If you have a spare few minutes, I highly recommend this video interview by Mick:-

Don't be fooled by the Message Stick in his hand.  Like most Fauxborigines, he's using it wrong and paying it no respect.  It is in his hand not for some deeper spiritual or cultural reason, but, as a prop to fool unwitting watchers into believing this guy knows his stuff.  Cultural credibility that he manufactured in his own workshop, no doubt.

Note also the Possum Skin Cloak draped across his knee.  While happy to crap on about the patterns on the cloak, Mick is not so forthcoming in this particular interview about the ancient techniques used to create such a piece of art. Luckily for us, his clan were more than happy to oblige:-

(I can't be sure, the picture is just a little unclear to make out, but, I believe what we are seeing here is the use of the electrical burning device, made famous by I believe Ngyumbanirr Pyrographic  back in the 1400's.  Again, to ensure cultural authenticity, just like we used to do in the old days, the skins are from NZ possums)

I remember an Elder once sitting down with me, many years ago, and talking about a possum expedition they made in her youth.  In their bark canoe, they travelled for 40 days and 40 nights until they finally reached Auckland, surviving on what little rainwater they caught along the way and the meagre rations of berries and nuts they took with them.

Once in Auckland, they spent a full week hunting and gathering skins into the night and early hours of the following day - each of them sleeping only four hours before resuming the difficult and laborious job as soon as first light would hit.

When they had 40 skins, they rested.  The following day, they loaded up their canoe and attempted to set off with their haul into the wide blue expanse.  They got no more than a few feet out when their canoe began to take in alarming amounts of water.  Again and again they tried, always with the same result.  Furrowed brows ensued and debate raged about how best to get the precious bounty back home.  That is, until one of the Elders stepped forward and proclaimed 'Let's just take a fucking plane back!'.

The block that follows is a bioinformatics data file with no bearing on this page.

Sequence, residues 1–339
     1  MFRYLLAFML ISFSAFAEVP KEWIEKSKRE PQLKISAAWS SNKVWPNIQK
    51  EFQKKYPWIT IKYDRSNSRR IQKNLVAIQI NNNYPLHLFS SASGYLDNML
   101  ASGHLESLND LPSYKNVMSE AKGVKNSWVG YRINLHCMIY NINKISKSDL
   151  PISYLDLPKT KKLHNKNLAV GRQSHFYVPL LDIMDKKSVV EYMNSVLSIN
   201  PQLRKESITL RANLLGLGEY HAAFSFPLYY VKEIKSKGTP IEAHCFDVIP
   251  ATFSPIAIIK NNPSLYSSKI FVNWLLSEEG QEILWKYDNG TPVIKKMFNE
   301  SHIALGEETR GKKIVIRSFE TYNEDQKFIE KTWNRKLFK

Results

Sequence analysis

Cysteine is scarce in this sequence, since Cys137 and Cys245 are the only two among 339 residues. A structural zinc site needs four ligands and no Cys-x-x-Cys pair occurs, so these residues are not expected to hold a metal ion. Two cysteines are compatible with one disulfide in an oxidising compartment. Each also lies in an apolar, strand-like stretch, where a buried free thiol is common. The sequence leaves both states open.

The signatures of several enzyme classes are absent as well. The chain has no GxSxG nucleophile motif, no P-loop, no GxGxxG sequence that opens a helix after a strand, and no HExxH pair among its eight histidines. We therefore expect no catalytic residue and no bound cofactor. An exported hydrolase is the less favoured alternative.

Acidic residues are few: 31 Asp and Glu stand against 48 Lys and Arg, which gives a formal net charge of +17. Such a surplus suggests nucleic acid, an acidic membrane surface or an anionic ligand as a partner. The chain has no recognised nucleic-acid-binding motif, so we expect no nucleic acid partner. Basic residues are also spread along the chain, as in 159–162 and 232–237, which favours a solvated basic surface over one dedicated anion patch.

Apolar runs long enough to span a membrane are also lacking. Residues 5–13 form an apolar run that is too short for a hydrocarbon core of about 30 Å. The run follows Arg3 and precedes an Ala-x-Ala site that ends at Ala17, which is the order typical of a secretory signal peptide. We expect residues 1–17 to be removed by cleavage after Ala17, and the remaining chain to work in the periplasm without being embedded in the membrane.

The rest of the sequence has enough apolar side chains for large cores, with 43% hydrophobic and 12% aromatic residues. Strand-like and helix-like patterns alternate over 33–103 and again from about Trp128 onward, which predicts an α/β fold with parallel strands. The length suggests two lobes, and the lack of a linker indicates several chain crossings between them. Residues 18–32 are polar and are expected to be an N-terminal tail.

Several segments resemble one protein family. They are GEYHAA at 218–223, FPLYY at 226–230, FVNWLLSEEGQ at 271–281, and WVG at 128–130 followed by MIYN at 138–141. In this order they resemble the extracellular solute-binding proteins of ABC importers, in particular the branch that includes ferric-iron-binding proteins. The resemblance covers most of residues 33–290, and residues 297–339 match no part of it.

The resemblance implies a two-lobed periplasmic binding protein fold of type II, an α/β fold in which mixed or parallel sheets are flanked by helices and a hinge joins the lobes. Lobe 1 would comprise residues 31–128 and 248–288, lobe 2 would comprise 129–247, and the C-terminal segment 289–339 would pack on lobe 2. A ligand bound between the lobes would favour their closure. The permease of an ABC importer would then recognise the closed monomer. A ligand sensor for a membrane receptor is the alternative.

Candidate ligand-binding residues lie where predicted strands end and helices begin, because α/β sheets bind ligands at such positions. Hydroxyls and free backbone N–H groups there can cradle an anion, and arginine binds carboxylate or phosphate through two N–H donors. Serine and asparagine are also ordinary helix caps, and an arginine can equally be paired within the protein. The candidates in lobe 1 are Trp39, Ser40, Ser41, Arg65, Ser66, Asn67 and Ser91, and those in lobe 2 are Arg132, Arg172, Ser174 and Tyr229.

See how easy it is to spin a little cultural bullshit?  All you have to do is waffle. 

I like how Mick waffles.  Most Fauxborigines, when talking about their heritage or culture, will often resort to this very same trick.   They talk in circles, often spending an inordinate amount of time describing small, inconsequential things.  Like a shield they once saw, or an Elder they spoke to.  Often, they'll use a small smattering of an Aboriginal language they've revived in a windowless room in a University to punctuate their speech with more credibility.  It is quite an art form, but ultimately, they do horrendous damage to a culture they have no right to speak of. 

How much are you truly honouring a culture when you step on tradition to make a buck?

For all those Elders out there, who stay on their country, devote their lives to making their communities a better place, who worry endlessly about their people who are suffering, I take my hat off to you and offer nothing but my respect and support.  For too long you have sat unnoticed, uncared for, and unrecognised while self-appointed opportunists claim you don't exist and step in to take your place.  It is time to say, no more.